When the mercury rises, the inside of a parked car can become a deathtrap. Animals and children are the most vulnerable, and one mistake can cost lives. Just this summer, at least 26 children and 40 dogs have reportedly died after being left inside hot vehicles, including baby twin sisters who died on Thursday after being left in a parked car in Georgia and two dogs who died last Friday after being left in a car in Nebraska during 83-degree heat.
But a new invention from General Motors could make tragic deaths like these a thing of the past.
It’s a “rear seat reminder” alarm that warns the driver whenever anyone or anything—a child, a dog, or even groceries—has been left in the backseat of a vehicle by sounding chimes after the engine is switched off. This technology—which so far is available exclusively on the 2017 GMC Acadia SUV—is so innovative and potentially lifesaving that PETA is honoring General Motors with an Innovator for Animals Award.
Parked cars can become lethal in a matter of minutes, even on a moderately warm day. On a 78-degree day, the temperature inside a parked car can soar to between 100 and 120 degrees in just minutes, and on a 90-degree day, interior temperatures can reach as high as 160 degrees in less than 10 minutes. Dogs are especially vulnerable because they can only cool themselves by panting and by sweating through their paw pads and can sustain brain damage or die.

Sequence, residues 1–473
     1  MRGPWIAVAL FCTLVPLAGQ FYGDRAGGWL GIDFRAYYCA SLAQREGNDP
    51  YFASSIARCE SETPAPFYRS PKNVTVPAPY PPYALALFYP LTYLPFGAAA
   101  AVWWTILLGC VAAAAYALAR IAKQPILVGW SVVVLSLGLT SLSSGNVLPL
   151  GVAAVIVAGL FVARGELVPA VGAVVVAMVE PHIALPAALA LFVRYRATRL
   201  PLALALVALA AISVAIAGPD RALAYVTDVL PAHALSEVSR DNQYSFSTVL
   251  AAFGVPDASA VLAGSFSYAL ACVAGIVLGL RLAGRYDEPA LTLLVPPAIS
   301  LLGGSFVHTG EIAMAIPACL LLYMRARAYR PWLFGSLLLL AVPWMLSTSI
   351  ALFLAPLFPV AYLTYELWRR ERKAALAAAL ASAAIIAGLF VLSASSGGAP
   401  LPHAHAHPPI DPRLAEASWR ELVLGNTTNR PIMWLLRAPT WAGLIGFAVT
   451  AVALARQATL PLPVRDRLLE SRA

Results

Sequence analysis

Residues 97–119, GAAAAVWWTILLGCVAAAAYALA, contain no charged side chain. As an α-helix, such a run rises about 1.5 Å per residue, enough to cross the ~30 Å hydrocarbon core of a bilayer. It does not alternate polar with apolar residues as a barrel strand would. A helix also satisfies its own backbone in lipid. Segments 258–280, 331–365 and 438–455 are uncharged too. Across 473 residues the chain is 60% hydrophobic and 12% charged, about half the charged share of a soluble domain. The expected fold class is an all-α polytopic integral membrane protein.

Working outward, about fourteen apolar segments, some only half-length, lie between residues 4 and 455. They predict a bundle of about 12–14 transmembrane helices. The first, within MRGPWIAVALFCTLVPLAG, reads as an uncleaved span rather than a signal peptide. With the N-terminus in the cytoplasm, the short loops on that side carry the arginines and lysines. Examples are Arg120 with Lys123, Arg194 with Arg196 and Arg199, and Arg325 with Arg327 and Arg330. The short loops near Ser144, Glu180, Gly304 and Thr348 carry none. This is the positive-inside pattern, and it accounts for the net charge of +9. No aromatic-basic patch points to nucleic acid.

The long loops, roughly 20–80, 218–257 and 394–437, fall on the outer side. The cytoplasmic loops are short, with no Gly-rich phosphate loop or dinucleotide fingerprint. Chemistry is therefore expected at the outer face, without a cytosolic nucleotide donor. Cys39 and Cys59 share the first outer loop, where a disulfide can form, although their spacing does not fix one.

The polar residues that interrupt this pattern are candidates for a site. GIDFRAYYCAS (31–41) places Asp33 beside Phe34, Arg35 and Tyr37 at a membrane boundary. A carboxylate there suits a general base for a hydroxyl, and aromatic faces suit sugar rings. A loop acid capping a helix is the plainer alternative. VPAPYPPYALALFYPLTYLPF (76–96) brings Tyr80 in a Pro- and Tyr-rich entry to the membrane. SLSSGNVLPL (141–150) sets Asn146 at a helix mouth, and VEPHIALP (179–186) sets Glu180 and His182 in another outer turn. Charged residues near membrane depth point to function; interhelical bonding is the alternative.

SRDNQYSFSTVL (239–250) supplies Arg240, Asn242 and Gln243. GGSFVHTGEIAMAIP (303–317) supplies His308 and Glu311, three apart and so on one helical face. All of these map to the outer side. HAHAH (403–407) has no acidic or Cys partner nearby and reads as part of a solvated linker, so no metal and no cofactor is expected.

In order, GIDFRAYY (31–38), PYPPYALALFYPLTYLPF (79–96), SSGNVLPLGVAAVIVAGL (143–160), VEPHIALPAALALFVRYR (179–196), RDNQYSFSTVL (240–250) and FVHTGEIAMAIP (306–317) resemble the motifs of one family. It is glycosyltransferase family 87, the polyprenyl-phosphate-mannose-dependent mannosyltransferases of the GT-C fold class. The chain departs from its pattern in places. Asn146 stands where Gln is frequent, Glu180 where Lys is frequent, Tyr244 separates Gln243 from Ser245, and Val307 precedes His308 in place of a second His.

If you see a dog in a hot car, contact the police immediately. While you are waiting for them to arrive, take down the car’s make, model, and license plate number. Then go inside nearby stores and ask the manager to have the owner of the vehicle paged. Stay with the car until the police arrive. If the dog shows any symptoms of heatstroke—including restlessness, heavy panting, vomiting, lethargy, or lack of coordination—it’s an emergency situation. Some states permit “good Samaritans” to break into cars to free animals in distress, but it’s best to allow the police to do this if possible.
Get a dog suffering from heatstroke into the shade immediately. You can lower the animal’s body temperature by providing the dog with water, applying a cold towel to the animal’s head and chest, or immersing the dog in tepid (not ice-cold) water. The dog should be rushed to a veterinarian as soon as possible.
See PETA’s hot-weather tips for more information on keeping dogs safe during the summer months.